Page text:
Few people realize that Facebook—and many other social websites—are monitoring conversations. That’s right; any private message or any post is being analyzed by company software for potential threats. What threats are social media techs looking for? Usually those of sexual predation.

facebook privacy

Just recently, Facebook employees were alerted by the system that an inappropriate conversation of a sexual nature was taking place between a 13-year-old young woman and a 30-year-old male. The conversation concluded with both parties agreeing meet one another after the girl got out of middle school the following day. Alarmed, Facebook officials contacted police, who then arrested the man and confiscated the teenage girl’s computer.

This is not the first time Facebook has come through in a pinch and prevented a sexual attract, but for every 1  arrested predator, the company says approximately 10 slip through the patrolling cracks.  While that might seem appalling to some people, Facebook has kept monitoring technology at a minimum to prevent outcry about privacy. Any more security boosts would mean that, instead of computers, real people would be needed to heavily scrutinize the enormous volume of conversations on the social site.

At the moment, Facebook’s set up attempts to eliminate conversations where an “established relationship” exists. So, if you’re having inappropriate conversations with your friends, the company won’t report you because you’ve likely been involved in just as many non-sexual conversations.

And even though Facebook and other companies are catching sexual deviants, most of the public seems uncomfortable with the thought someone is in tuned to private conversations. The skeptics of the system feel the issues does not lie with the number  of sexual predators on social sites, but with the poor parental instruction which leads to young children feeling it is acceptable to meet up with strangers they’ve met online.

Instead of monitoring conversations, those who feel it’s not Facebook’s responsibility to police the Internet say arresting potential sexual offenders doesn’t do anything to solve the real issue at hand. Maybe Facebook should monitor minor’s conversations and alert parents if undesirable activity is going on—or is that too much of a breach of privacy?

Facebook security supporters say it can’t go both ways; you can’t have conversations monitored and ignore criminals when they surface.  If you do, you end up in situations like popular Internet social gathering site Habbo Hotel, which shut down chat conversations after two teenagers were sexually assaulted by people they met on the website.

One journalist posing as an 11-year-old girl said she was immediately inundated with sexual requests and solicitation for her to strip on her webcam.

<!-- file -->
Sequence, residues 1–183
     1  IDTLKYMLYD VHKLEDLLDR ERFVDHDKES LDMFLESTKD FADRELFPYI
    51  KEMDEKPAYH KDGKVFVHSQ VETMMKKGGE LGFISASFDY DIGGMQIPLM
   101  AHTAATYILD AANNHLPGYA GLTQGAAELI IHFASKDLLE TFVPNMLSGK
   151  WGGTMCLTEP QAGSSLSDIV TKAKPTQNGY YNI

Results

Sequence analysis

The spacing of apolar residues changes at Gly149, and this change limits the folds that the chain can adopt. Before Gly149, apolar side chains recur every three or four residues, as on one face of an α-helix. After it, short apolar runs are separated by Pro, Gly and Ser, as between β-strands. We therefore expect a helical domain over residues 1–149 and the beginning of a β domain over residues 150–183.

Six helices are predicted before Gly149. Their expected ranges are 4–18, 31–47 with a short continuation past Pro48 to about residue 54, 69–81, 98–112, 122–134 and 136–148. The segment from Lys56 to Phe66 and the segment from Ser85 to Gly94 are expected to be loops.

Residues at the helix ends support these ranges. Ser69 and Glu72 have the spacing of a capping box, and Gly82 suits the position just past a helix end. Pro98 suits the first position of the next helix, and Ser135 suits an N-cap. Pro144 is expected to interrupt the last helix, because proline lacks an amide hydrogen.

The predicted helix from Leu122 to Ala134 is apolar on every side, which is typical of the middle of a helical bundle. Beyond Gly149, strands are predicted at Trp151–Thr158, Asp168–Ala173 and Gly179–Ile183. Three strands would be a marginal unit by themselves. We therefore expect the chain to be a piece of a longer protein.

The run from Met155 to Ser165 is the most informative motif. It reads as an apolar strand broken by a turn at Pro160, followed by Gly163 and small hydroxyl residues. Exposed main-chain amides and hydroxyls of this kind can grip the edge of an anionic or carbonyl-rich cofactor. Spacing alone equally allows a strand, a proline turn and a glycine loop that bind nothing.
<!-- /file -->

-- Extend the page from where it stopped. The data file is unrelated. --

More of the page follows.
While the Internet is a scary domain, statistics still indicate more sexual assaults against children happen from people they know—family or friends of the family. And the Internet isn’t really the main region of concern when it comes to child safety. Experts say smart phones are far more dangerous, especially those with apps like “Skout,” which allow users to search for strangers near their GPS location with similar interests.

3 Response Comments

  • Kermit Hale  April 14, 2014 at 8:14 pm

    They don’t monitor it very well then, because for those who play the Facebook game Criminal Case, which require a lot of friends who are also your “team mates in the game,” Facebook puts you in jail for asking people it thinks you do not know outside of Facebook to join your team: even though you message each other back and forth first, and you both play the game, and you both create a friends list for people especially who are there for gaming purposes…there are thousands of people Facebook is putting in Facebook jail because of the and some of these people I interact more with than I do my regular friends…how is this not being corrected? Facebook is being ignorant of a lot of conversations that take place; eithre that or they simply don’t give a hoot what their members think.

    Reply
  • nita  August 4, 2012 at 3:06 pm

    face book is dangerous as it is a means where mauirtian are saying racist things on each religion but they dont know that they are stupid to fight as both religion pray the same god on internet look picture of black stone at mecca you will see its the shivling, then why do these two fight for religion we all are god children peace on earth

    Reply
  • Tj  July 17, 2012 at 12:07 pm

    Would it be safe to say the monitoring you’re talking about is only the tip of the iceberg? Although the anecdote cannot be verified and could simply be a fabrication of truth as we know it, is it reason enough to monitor every single person on the planet? Are we not innocent until we are proven guilty? And who’s in charge of proving everyone innocent or otherwise? How saintly are they?
    At a time when our very existence is under threat, is a sexual predator really our biggest enemy? How’s about keeping a tab on all the corporate and political corruption? How’s about monitoring abuse by police? And most importantly, how about limiting Facebook itself so people can have real lives again?

    Reply

Leave A Comment

Please enter your name. Please enter an valid email address. Please enter a message.